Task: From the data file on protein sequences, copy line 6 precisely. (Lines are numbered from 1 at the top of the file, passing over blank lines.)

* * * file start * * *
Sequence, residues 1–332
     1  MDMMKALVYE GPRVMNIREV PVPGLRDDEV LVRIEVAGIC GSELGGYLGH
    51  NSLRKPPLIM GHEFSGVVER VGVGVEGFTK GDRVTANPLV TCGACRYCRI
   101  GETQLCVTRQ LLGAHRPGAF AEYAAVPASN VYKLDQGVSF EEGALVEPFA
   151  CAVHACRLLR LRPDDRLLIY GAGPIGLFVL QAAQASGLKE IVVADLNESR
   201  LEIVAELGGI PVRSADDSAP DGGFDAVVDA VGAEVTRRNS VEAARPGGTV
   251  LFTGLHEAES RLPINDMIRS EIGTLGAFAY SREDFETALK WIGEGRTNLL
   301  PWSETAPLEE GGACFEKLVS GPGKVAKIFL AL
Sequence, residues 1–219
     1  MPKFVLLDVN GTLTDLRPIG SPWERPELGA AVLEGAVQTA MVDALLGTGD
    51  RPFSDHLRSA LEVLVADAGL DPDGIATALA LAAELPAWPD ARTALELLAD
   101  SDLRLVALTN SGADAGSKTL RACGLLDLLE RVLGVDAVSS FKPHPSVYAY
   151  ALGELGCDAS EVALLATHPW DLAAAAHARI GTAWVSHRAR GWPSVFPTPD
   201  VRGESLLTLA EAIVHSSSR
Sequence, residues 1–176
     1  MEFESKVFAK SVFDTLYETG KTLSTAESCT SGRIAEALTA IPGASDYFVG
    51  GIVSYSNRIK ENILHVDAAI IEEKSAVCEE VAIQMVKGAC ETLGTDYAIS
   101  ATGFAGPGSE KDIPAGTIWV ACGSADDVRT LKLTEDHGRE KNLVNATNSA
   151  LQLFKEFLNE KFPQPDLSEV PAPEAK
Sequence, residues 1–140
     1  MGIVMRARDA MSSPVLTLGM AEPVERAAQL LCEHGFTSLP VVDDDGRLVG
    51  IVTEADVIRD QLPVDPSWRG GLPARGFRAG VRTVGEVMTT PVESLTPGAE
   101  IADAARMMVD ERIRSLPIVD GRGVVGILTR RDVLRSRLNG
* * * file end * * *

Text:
   201  LEIVAELGGI PVRSADDSAP DGGFDAVVDA VGAEVTRRNS VEAARPGGTV